Obstetrics – Gynaecology

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Obstetrics – Gynaecology2017-07-06T20:30:37+00:00

Obstetrics and Gynecology

Obstetrics and Gynecology fetal sonogram

Obstetrics and Gynecology fetal sonogram

Obstetricians and Gynecologists manage medical and surgical issues specific to women. Some may also unintentionally serve as their patients’ primary care care provider and/or hold a handkerchief as a surrogate psychiatrist when Mom has a good cry during postpartum depression*. Early in their careers, Ob/Gyns’ practice is weighted towards obstetrics, the “happy field” of medicine*, in which good outcomes are the norm…but not always…

*The top image is a sonogram of a healthy mature fetus. 

Up to 8% of pregnancies in the USA are at high risk of complications due to various factors—e.g., teen pregnancy, pregnancy in older (> age 35) women, obesity, domestic violence, substance abuse, smoking, hypertension, diabetes, HIV-positivity, prematurity, and so on. The maternal mortality rate in developed countries is gratifyingly low*, with 5 maternal deaths per 105 in Japan, 9/105 in the UK, and 14/105 in the USA. In contrast, impoverished and/or war-torn countries have staggeringly high rates of maternal mortality, with 174/105 in India, 359/105 in Haiti, 396/105 in Afghanistan, and 814/105 in Nigeria. 

*Data from 2015 WHO, UNICEF, UNFPA, World Bank Group, and United Nations Population Division Maternal Mortality Estimation Inter-Agency Group http://www.who.int/gho/maternal_health/countries/hti.pdf?ua=1

Yet, despite the most compulsive and punctual prenatal care and diet, absence of maternal and fetal risk factors, unremarkable workup and a flawless delivery, bad babies and bad baby outcomes do occur in developed countries.  Physical defects and poor outcomes seen at birth or shortly thereafter include chromosomal abnormalities, neural tube defects, cleft lip and palate, congenital heart disease, cerebral palsy, and a host of etceteras.  Too often, parents play the blame game and will try to pin the blame on the obstetrician, which explains why OBs pay more in malpractice insurance premiums than any other specialty* in the USA.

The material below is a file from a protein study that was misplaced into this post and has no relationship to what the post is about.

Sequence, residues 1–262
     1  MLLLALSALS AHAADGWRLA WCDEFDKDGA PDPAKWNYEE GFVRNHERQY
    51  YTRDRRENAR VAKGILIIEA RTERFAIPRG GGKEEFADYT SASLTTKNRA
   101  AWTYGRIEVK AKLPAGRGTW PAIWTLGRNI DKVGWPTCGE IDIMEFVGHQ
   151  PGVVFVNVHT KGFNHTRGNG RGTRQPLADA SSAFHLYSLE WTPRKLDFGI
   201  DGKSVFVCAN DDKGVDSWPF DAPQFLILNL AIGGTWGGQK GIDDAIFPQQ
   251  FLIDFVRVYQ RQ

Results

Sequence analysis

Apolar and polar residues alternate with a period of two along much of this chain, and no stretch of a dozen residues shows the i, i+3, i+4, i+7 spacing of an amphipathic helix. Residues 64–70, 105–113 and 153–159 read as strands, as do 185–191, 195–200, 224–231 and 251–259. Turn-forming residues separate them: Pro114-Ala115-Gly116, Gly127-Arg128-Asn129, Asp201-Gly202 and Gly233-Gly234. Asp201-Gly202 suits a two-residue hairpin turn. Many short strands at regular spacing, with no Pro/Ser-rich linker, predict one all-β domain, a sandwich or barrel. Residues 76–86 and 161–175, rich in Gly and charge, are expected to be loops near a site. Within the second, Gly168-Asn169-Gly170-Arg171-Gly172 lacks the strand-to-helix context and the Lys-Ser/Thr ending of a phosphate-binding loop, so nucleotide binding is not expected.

*In 2013-2014, OBs on Long Island, NY paid just under $196,000 annually. http://www.doctorcpr.com/blog/2013-2014-malpractice-premiums-doctors-paying-195891-a-year-for-coverage/. An OB colleague who works here on the Island, once told me that for the first 4+ months of every year, all of his income goes towards paying for the malpractice premium. 

Obstetrics and Gynecology endometrial carcinoma

moderately-differentiated endometrial carcinoma

Ob/Gyns typically follow their once-fertile patients from motherhood to dotage, managing the matronly morbidities that accumulate with the passing years, including hot flashes, osteoporosis, urinary incontinence, increased weight and decreased sexual desire. Now wearing a gynecologist’s hat, these physicians hold hands as their patients suffer the indignities of menopause, empty nests, loneliness, and less commonly, dementia and cancer*, before they themselves buy the shiny white shoes, polyester pants, retire and migrate to Florida to live out their days. 

*The image is that of an moderately differentiated endometrial adenocarcinoma, which is more common in overweight postmenopausal women.